I should start with the obligatory disclaimer - I am not a lawyer and anything below is not a legal advice. :-)
Dual licensing means that the source code can be licensed under one of two separate licenses, not that it's simultaneously licensed under both. In the usual case of GPL and proprietary, the default license is the GPL, but if you contact the source authors, they can license their source code under proprietary one, though they would usually ask for money in exchange.
There's nothing that prevents source code also being licensed under two separate OSI approved licenses. Usually, this is the case where the source code was initially licensed under a non-GPL-compatible license, so the authors later also offered it under second license to enable use in GPLed products, though in some cases the second license was added to cover some specific modules that fall under export limitations and such.
In any case, in most such cases, the actual license that applies is left as a choice to the licensee; though I've seen couple of specific cases, where there were specific requirements by the author that outlined which of the two licenses would apply to what scenario (mainly had to do with specific hardware). Of course, that choice is valid only for parts that are covered by both licenses; anything that's explicitly covered under only one of the two licenses has to be used under that license, and it might actually the use of the whole product under that same license (in the example above for the hardware-specific license there was a driver that was licensed under specific license and was forcing the whole product under it).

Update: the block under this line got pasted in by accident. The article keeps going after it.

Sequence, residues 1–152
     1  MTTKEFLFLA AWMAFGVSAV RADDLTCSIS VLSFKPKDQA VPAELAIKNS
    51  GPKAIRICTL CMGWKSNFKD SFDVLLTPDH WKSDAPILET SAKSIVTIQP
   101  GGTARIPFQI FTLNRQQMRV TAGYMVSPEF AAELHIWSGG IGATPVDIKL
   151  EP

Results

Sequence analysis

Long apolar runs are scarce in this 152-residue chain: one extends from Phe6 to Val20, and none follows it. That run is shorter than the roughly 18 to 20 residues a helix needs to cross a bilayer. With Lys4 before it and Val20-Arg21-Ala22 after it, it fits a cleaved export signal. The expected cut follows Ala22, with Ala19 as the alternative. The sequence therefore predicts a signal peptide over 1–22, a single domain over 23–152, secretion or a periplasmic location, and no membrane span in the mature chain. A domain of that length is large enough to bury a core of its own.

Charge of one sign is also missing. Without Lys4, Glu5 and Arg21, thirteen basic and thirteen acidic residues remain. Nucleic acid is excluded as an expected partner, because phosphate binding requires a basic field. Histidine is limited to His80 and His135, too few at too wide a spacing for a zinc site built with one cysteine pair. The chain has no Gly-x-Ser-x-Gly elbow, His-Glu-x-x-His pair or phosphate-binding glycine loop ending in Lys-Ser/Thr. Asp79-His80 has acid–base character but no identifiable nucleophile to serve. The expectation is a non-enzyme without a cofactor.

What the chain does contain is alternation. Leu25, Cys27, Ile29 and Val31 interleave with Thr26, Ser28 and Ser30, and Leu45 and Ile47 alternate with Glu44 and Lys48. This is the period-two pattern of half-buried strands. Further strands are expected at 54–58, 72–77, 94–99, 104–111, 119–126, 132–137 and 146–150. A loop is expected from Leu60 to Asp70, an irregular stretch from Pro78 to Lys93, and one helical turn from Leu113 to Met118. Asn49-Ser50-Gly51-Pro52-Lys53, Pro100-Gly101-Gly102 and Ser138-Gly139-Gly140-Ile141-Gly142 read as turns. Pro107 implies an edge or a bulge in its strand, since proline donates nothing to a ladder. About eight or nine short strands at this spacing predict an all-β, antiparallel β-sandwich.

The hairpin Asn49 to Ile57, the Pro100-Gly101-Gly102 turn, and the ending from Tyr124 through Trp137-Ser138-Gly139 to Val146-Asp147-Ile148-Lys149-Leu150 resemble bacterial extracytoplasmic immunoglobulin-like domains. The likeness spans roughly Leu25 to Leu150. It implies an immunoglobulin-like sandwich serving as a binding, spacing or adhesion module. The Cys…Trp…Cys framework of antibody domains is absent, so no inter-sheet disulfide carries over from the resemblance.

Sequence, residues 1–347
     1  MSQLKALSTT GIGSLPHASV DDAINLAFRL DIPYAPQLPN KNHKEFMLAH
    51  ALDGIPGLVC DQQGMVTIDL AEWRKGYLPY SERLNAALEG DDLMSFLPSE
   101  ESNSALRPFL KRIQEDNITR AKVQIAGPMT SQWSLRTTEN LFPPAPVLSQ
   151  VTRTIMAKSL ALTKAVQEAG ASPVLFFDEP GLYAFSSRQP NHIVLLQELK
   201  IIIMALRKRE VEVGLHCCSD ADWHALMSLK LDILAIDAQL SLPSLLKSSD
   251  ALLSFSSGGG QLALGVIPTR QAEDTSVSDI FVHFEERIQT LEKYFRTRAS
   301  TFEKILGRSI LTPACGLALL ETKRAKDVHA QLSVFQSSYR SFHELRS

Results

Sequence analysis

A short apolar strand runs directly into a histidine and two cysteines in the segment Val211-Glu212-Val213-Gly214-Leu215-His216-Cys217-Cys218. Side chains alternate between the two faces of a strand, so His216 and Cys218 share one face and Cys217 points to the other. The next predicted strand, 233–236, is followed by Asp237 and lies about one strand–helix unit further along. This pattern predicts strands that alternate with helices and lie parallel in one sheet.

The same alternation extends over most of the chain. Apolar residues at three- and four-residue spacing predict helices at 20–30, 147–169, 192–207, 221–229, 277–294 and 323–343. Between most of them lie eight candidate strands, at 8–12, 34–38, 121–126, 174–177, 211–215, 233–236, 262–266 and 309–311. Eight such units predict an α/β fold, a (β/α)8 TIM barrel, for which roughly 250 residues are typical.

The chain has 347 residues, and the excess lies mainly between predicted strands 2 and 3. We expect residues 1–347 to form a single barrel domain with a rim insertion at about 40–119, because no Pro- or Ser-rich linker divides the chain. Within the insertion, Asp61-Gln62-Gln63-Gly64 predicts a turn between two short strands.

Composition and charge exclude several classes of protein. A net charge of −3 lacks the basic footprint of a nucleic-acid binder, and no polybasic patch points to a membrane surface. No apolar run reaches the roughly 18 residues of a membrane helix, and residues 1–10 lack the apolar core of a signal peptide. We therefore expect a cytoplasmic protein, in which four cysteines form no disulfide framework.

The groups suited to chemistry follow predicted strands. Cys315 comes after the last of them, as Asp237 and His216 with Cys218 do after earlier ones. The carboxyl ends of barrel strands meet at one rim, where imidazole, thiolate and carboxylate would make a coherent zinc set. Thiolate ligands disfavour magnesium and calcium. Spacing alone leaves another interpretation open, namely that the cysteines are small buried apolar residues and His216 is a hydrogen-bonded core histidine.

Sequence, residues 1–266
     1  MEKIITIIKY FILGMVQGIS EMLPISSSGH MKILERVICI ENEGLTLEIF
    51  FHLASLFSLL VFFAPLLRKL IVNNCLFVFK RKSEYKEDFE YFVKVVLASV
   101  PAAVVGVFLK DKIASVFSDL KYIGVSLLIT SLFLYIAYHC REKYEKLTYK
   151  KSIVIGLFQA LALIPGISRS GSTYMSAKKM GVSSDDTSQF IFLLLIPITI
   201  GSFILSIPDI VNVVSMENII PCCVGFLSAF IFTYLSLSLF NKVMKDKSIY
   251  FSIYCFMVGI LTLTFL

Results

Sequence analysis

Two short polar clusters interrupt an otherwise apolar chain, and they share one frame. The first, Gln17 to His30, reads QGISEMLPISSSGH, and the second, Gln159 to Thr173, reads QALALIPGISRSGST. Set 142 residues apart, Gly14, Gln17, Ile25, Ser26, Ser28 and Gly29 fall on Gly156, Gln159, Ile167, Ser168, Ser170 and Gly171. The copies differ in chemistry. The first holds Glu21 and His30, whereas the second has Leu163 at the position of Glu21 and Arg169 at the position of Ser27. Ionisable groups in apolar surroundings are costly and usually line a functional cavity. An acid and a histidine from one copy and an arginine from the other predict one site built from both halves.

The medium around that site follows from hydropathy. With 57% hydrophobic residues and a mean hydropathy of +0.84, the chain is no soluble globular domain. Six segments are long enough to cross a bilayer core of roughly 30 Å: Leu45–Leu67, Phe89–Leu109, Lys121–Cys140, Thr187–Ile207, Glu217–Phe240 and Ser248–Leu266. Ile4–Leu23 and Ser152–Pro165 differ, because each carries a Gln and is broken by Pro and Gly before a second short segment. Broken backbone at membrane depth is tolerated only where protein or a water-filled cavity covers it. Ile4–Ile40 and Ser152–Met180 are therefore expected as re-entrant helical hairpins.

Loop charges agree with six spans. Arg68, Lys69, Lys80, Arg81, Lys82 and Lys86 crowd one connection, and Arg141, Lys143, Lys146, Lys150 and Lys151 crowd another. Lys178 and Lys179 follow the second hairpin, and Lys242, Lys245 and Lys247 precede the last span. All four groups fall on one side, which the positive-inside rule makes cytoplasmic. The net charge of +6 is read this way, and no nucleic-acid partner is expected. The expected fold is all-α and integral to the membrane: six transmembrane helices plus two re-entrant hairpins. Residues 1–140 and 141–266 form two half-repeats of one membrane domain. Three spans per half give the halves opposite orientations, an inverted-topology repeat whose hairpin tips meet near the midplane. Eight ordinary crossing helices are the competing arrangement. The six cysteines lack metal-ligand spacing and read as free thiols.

If you want to include Plan9 source code in GPL product, you will need to take the source under the Bell Labs MIT-like license, since Lucent is not GPL-compatible. The Bell Labs one looks like the Expat and X11 licenses, which are both listed by FSF as GPL-compatible; still I'd actually send a quick email to FSF to see what their position on this is.
If you want to include Plan9 source code in commercial product, you might be able to license it under either one, but Bell Labs might still be the more permissive one, so you might choose to stick with it.